Team:Calgary/Project/CpxP

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<h1>Project Descriptions</h1>
<h1>Project Descriptions</h1>
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<li><a href="http://2010.igem.org/Team:Calgary/Project/Transcription">Transcription/Translation Reporter Circuit</a></li>
<li><a href="http://2010.igem.org/Team:Calgary/Project/Transcription">Transcription/Translation Reporter Circuit</a></li>
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<li>Protein Misfolding Reporters
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<li><a href="http://2010.igem.org/Team:Calgary/Project/misfolding_overview">Protein Misfolding Reporters</a>
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<li><a href="http://2010.igem.org/Team:Calgary/Project/IbpAB">Cytoplasmic Stress Detectors</a></li>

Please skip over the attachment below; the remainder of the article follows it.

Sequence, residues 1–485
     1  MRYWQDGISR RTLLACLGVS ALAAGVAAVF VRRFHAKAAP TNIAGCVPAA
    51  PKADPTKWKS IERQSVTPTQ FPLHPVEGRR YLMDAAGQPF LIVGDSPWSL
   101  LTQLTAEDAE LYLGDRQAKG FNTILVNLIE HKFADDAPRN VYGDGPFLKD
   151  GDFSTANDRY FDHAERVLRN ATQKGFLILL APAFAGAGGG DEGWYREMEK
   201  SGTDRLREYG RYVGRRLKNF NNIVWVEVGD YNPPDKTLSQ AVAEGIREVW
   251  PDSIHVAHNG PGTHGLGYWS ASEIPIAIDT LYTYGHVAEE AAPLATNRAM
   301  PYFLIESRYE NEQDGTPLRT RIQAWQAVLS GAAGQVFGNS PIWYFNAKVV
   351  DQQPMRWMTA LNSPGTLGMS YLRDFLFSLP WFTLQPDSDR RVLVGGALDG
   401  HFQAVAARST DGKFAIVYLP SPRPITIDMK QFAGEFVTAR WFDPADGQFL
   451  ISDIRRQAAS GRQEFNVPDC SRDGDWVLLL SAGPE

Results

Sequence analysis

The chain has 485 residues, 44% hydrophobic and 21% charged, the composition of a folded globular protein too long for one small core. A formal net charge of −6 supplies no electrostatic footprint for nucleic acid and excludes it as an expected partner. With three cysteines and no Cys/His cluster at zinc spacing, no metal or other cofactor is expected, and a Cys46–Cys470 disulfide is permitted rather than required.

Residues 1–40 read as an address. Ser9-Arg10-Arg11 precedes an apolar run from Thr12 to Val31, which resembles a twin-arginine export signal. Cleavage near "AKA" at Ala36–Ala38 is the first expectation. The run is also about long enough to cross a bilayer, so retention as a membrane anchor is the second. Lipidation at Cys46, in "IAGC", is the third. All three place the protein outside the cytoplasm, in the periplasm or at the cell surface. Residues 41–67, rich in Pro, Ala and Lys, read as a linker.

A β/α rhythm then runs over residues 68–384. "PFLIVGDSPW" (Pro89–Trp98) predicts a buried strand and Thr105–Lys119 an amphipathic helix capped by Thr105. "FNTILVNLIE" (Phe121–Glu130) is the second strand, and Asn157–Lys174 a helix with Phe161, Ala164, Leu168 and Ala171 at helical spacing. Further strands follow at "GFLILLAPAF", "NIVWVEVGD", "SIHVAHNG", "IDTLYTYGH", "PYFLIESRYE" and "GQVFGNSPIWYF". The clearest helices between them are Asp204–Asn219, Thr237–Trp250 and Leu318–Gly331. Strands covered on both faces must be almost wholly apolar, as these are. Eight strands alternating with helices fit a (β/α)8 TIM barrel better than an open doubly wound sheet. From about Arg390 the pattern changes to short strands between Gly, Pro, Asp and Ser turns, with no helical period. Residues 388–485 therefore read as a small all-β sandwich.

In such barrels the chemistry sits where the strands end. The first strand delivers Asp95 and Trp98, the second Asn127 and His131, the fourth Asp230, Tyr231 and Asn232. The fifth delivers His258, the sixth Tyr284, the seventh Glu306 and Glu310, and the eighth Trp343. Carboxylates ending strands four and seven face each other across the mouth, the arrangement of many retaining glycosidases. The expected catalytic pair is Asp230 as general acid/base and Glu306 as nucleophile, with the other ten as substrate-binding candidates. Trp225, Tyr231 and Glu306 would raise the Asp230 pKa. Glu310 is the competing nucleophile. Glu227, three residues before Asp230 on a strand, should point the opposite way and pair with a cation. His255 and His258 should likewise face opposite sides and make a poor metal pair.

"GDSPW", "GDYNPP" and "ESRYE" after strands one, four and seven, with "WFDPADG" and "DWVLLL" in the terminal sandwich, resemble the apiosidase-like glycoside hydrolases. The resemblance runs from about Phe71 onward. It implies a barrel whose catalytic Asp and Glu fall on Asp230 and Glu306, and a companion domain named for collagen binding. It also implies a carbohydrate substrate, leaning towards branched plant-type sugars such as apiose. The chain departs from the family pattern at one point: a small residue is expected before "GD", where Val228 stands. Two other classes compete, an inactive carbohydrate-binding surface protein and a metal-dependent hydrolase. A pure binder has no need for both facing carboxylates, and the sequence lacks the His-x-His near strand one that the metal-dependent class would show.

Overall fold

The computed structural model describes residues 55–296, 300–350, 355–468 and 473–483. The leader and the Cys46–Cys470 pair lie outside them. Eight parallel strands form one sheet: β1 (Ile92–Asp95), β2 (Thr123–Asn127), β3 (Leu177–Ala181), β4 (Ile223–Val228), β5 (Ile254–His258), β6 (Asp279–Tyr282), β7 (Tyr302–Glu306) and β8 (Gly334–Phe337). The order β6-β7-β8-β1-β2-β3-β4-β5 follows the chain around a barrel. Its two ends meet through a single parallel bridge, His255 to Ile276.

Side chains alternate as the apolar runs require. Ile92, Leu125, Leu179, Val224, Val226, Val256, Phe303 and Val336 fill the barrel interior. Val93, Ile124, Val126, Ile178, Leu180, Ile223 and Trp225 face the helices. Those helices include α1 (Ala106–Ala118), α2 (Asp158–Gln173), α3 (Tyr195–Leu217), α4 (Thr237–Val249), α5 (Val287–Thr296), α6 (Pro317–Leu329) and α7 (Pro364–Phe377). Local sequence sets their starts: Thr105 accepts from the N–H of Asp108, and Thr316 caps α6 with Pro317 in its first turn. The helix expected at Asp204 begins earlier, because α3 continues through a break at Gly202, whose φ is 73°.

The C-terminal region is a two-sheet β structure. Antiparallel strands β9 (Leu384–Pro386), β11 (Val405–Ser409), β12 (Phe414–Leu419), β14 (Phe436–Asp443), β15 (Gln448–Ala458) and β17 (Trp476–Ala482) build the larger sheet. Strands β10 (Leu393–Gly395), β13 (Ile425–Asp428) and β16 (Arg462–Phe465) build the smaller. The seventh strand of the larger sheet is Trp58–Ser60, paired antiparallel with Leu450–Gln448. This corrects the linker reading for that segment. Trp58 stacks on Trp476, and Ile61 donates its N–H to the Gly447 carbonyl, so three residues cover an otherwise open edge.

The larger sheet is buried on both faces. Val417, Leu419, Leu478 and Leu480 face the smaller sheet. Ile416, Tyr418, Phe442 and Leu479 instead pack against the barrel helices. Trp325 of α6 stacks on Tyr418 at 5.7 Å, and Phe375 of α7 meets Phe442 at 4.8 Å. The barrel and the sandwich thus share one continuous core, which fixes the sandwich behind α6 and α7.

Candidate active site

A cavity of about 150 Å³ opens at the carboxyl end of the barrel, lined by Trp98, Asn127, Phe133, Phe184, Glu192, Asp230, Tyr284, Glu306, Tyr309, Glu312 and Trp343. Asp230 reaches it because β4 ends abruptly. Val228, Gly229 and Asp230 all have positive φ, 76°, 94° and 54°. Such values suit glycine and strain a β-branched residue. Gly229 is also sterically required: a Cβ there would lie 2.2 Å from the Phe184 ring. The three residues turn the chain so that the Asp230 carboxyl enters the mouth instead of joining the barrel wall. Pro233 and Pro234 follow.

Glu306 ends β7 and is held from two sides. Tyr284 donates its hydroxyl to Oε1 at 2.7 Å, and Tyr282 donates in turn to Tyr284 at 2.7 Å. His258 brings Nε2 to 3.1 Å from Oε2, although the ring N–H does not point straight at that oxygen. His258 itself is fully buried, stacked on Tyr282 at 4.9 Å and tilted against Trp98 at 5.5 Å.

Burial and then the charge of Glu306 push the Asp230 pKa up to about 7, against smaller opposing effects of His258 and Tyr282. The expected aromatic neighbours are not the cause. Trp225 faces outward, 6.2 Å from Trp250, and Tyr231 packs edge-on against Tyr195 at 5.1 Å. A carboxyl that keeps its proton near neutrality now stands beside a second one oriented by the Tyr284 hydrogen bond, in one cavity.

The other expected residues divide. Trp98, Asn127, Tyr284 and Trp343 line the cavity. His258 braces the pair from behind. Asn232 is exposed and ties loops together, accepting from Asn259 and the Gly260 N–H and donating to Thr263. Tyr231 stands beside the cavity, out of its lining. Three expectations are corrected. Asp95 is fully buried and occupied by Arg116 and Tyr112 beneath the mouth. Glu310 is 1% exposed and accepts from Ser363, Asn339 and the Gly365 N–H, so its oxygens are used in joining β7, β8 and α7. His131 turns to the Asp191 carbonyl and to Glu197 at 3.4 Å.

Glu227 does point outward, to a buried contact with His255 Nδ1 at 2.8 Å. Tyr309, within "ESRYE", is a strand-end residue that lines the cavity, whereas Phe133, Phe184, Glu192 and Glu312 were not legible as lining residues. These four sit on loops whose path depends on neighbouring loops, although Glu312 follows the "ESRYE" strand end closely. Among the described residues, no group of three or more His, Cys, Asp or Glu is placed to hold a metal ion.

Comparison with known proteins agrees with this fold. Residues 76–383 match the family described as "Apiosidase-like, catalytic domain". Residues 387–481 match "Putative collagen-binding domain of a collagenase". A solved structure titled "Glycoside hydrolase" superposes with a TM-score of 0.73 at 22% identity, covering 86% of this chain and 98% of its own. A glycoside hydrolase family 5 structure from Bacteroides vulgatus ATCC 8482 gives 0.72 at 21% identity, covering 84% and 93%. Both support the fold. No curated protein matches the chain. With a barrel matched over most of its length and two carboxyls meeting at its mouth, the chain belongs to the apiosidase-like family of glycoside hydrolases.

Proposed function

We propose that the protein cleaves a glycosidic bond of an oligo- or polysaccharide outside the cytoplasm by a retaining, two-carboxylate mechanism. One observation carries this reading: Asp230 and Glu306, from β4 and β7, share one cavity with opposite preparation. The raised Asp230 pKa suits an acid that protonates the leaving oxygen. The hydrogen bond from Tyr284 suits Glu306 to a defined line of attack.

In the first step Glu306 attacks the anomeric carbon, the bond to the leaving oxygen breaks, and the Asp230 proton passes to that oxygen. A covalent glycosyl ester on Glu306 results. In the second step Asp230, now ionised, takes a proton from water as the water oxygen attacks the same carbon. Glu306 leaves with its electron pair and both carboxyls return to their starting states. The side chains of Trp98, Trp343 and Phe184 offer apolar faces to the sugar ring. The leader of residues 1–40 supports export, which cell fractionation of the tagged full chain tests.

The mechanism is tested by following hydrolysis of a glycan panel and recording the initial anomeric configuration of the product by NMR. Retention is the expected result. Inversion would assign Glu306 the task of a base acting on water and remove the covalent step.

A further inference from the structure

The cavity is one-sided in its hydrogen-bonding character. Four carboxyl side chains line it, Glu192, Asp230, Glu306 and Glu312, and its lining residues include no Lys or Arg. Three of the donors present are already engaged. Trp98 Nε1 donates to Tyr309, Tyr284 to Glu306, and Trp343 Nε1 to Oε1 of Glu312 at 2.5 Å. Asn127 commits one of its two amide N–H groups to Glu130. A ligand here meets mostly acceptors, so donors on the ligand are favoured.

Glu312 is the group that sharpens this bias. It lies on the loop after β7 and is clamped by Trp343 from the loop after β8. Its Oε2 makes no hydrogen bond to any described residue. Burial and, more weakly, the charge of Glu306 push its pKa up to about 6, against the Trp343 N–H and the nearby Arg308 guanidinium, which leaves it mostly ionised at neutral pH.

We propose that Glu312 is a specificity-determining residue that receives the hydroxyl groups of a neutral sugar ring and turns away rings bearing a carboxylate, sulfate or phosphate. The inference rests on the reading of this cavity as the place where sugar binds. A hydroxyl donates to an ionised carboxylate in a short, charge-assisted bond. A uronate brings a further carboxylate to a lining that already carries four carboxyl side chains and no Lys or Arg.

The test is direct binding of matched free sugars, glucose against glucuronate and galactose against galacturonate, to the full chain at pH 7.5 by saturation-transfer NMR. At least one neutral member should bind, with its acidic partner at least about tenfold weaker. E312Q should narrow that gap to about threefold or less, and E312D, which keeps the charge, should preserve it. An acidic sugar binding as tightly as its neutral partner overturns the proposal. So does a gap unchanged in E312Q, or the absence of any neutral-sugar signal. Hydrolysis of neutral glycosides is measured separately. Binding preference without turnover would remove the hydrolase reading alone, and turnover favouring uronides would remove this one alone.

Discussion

<li><a href="http://2010.igem.org/Team:Calgary/Project/IbpAB">Cytoplasmic Stress Detectors</a></li>

Revision as of 08:49, 27 October 2010

Periplasmic Stress Detectors




The circuit that will be constructed to detect protein misfolding will have the cpxP promoter. Two other similar circuits will be constructed to compare the activation of cpxP promoter compared to degP and cpxR promoter. All three promoters have the same function: activation of degP which degenerates misfolded proteins in the cell. As it can be seen in the graph below, the cpxP promoter is the most sensitive to the stress. The purpose of this circuit is to detect protein misfolding. For example, cpxP promoter becomes activated under several specific streses: elevation of pH and overexpression envelope proteins such as NlpE. Hence, if periplasmic misfolding occurs in the cell of an E.coli bacteria, the reporter gene, in this case the Red Fluroscent Protein (RFP), will be activated. Hence, the activation of the RFP will be the indication of a periplasmic protein misfolding.


DiGuiseppe, P.A., & Silhavy, T.J. (2003). Signal detection and target gene induction by the cpxra two-component system. Journal of Bacteriology, 185(8), 2436-2436.